Amy asked in PetsDogs · 2 months ago

How do I get my previously abused dog to feel safe? ?

I recently adopted a 5month old mixed breed pup from Romania. She is from the worst public shelter in the country and at only 5 months old has been physically abused most of her life. Whilst in the shelter she was also starved as she was on a kill list so no point feeding her in their eyes! She isn't aggressive at all in fact she has only bit once when she fell in the pond and we had to drag her out. When we first got her she ran straight to the nearest wall and faced it since then she has made her dog bed at the side of the sofa her home. The issue is she is so scared of us she wont walk past us to go outside if she needs the toilet. She wont move to get food we have to bring it to her. She doesn't play she just sleeps all day. She doesn't like a crate either I assume it reminds her of the kennel environment. We have a huskey that she plays with at night when everyone is asleep as I hear them running around, however in the day she will not come near anyone! any help would be appreciated. 

7 Answers

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  • Anonymous
    1 month ago

    I rescued a bait dog from a fighting ring.  It took months before she would come out from under the bed.

    It takes time.  She uses a toilet?

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  • 2 months ago

    https://www.google.com/search?q=12+hours+ago+Edit+...

    That was the results of googling your question. You can google anything about working with an abused dog(s). Takes lots & lots of patience.

    I took in large & extra large dogs for about 50 yrs or so & every one came with some kind of baggage from their last homes & experiences. Each one was different with different issues.

    Just get on google & look up everything you can think of to help your dog. I can tell you she has a very submissive temperament. Fearful of many things, shy, reserved, expects to be harmed & is afraid of many things.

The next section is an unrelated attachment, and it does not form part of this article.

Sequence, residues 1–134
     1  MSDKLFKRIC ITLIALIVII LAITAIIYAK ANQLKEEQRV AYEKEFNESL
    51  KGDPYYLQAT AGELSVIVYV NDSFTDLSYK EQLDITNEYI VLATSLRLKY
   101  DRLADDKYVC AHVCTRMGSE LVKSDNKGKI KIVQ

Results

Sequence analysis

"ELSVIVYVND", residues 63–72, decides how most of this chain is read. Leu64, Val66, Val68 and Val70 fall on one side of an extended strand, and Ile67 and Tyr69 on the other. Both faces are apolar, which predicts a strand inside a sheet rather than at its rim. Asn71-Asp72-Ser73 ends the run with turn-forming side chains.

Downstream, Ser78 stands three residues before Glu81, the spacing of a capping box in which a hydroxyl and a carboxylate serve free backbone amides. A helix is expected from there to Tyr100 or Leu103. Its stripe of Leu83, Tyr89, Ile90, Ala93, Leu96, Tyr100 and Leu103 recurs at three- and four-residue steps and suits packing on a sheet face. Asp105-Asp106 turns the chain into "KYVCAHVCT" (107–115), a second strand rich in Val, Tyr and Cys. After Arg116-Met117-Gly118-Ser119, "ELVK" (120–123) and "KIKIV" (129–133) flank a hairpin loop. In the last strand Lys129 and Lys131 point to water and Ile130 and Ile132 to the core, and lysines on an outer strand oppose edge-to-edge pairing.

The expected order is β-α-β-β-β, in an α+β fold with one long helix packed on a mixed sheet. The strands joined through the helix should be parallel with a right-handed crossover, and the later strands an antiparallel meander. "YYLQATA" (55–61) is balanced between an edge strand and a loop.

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  • Jack H
    Lv 7
    2 months ago

    Give her space, quiet and time, you will end up with a nice dog...

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  • Maxi
    Lv 7
    2 months ago

    Stop worrying about this dogs past, dogs live in the moment they don't live in the past like human do...so all the over the top attention and fuss you are giving her will not help at all, all it will do is put pressure on her...so you won't like what I suggest however she will come around much quicker and with far less anxiety than she is suffering from now........ignore!

    Ignoring means no touching, no talking, no looking that removes all and any pressure from her, have a collar and lead on her and let the lead trail, so you can just put your foot on the lead to get control such as when she needs to go outside to the toilet you can do that without touching/talking to her and lift the lead and just walk outside and then if your garden is fenced let the lead go...with another dog (which she is trusting ) all and any commands you use for that dog and the newbie will follow her...same as daily lead walks take both dogs and walk them together the new one will gain confidence from her....and remember it has took 5 months for her to learn humans can't be trusted, it will take ALL LEAST that long for her to start to change....every dog is prepared to change their behaviour as long as their owner is prepared to change theirs...